I figured that the glasses must have been at the optimum setting for my eyes pre-retinal detachment.  I closed my good eye and looked through them using just my bad eye.  The image was very blurry, but surprisingly I managed to improve it by turning the little dial to the right as far as it would go.  Obviously it was still blurred as I was looking through my waffy RD eye which has silicone oil in it; but it was better than I expected and certainly better than when I just have my specs on.  I then closed my bad eye and tried looking through my good eye without adjusting the settings.  It was horrendous!  In order to get it back into focus, I had to turn the dial almost all the way to the left.  I then closed my good eye and opened my bad eye again, but was back to a blurry mess once more.  I tried to adjust the opera glasses so that I could get a decent overall image whilst looking with both eyes, but it was impossible.

At this point, I had to stop as the experiment was beginning to make me feel a little dizzy and queasy.  However, it gave me a greater understanding of why the optometrist had said that my vision in each eye is so unbalanced that it’s impossible to fully correct it with glasses.  It also made me wonder whether this unbalanced vision, coupled with the fact that I’m still apparently right-eye dominant despite the vision in my right eye being extremely poor, is the reason for my frequent headaches, which are sometimes accompanied by a slight feeling of nausea.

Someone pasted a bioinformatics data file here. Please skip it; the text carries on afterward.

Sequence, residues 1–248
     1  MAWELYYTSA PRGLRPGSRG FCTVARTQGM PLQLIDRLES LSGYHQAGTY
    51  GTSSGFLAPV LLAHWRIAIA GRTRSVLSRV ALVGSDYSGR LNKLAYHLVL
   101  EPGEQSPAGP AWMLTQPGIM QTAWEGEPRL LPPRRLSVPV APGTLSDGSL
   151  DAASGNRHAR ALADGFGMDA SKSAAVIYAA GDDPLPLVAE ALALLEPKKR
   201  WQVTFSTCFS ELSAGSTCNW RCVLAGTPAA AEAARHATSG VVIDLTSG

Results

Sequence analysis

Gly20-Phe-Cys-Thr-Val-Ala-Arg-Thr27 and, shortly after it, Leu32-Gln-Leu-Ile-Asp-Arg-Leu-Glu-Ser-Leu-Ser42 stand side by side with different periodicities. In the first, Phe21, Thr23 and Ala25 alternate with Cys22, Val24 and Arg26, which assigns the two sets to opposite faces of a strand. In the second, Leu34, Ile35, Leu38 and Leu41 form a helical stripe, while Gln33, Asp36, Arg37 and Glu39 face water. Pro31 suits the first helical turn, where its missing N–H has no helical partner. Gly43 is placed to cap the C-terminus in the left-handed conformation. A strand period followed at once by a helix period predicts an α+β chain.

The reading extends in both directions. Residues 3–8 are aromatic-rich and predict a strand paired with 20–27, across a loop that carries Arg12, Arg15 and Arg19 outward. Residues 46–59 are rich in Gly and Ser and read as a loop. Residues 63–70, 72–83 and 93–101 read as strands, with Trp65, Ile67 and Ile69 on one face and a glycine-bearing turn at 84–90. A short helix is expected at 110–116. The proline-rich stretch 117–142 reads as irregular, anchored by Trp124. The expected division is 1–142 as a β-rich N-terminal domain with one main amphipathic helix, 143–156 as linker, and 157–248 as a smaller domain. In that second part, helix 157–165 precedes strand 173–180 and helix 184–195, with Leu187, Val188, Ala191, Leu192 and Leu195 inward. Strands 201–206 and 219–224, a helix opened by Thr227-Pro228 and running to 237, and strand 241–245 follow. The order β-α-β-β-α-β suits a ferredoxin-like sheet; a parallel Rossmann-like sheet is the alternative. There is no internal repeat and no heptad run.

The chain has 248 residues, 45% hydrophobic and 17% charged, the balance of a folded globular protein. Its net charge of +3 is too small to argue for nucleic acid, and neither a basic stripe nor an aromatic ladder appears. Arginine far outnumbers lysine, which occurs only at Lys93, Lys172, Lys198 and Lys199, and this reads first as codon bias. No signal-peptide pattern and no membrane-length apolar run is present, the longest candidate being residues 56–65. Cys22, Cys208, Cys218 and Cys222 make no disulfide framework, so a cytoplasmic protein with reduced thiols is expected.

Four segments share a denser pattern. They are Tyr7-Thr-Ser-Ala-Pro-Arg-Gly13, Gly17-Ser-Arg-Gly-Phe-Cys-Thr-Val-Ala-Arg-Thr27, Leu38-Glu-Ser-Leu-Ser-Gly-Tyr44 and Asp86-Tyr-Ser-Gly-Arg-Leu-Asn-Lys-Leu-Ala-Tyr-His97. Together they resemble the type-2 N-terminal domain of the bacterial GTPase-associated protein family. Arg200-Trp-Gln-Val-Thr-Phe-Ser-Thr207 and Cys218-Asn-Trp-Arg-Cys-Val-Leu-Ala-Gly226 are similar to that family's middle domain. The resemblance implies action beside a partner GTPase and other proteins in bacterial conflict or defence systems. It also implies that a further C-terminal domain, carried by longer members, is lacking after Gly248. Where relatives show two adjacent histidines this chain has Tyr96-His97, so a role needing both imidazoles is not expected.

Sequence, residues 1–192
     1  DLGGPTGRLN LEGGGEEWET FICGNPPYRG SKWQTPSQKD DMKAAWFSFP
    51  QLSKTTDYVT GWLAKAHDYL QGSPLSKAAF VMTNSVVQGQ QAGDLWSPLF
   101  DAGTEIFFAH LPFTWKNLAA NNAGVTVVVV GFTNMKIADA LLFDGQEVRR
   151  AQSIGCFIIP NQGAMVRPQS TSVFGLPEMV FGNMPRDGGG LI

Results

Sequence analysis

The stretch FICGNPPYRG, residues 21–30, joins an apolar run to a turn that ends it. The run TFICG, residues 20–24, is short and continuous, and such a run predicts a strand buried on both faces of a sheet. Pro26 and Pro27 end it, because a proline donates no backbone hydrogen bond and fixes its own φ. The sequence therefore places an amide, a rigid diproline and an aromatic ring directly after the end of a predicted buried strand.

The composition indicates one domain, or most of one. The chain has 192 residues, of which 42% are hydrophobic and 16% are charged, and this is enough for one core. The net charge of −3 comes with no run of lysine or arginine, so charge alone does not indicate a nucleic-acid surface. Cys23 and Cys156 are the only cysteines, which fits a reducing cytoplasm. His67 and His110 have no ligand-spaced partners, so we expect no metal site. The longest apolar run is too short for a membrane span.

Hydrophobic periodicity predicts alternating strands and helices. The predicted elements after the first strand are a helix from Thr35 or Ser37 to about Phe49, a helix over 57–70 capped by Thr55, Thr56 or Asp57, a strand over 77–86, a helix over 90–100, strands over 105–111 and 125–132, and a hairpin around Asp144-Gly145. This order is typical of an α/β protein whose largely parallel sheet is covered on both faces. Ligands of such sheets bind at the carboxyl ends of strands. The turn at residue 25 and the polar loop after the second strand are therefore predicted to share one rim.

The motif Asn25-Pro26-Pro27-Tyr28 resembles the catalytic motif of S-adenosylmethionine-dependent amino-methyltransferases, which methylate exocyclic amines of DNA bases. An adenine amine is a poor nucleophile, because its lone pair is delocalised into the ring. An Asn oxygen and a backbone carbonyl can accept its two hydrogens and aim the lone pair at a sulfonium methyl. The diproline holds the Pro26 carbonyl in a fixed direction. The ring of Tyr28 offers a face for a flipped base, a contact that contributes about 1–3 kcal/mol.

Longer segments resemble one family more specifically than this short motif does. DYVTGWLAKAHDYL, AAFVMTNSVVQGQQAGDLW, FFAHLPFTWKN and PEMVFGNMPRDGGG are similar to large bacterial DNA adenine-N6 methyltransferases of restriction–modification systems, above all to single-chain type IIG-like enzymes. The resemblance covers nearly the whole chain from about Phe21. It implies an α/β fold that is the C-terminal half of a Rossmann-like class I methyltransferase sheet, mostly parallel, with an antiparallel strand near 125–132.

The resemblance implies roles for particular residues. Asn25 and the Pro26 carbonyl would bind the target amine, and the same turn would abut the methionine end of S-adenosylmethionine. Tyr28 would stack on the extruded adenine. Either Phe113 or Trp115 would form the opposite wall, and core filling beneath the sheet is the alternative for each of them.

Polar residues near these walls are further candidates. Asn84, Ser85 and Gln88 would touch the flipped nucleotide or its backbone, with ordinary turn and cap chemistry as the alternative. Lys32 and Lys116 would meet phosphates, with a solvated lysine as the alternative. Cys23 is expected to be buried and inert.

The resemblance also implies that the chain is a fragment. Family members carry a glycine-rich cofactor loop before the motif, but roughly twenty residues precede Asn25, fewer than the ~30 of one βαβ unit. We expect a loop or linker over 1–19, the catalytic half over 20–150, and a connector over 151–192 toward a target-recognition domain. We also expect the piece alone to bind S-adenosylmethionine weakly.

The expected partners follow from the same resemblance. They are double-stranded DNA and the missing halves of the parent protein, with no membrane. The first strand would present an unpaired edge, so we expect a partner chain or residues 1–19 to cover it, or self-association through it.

Anyway, I’m hoping that Rat Man (aka pest control) will be able to do his stuff and dispatch The Intruder swiftly, in the same manner that Hamlet disposed of Polonius.  At the cost of two full-price return train tickets to Moorfields, the service certainly isn’t cheap, but I guess that’s to be expected when hiring a hit man…

Looking out on the garden through a pair of opera glasses.

Rat-hunting through the opera glasses

Oh silicone oil, I thought you were my friend… :-(

After my previous appointment at Moorfields back in July, when I was granted a six month reprieve from further surgery as my consultant believed it would be best to simply monitor my pesky peepers for a while, I practically skipped out of the hospital in delight and relief.  The six months whooshed by all too quickly and before I knew it, my next appointment was looming ominously on the horizon.  As the days passed, my nervousness grew and niggling headaches became a regular feature of my days; not helped by my job, which involves sitting at a computer screen for much of the day.  However, I told myself that hopefully all would be well and that with any luck they would simply grant me another six month reprieve.  So off I set for Moorfields on Monday morning along with my sister, both of us feeling fairly hopeful.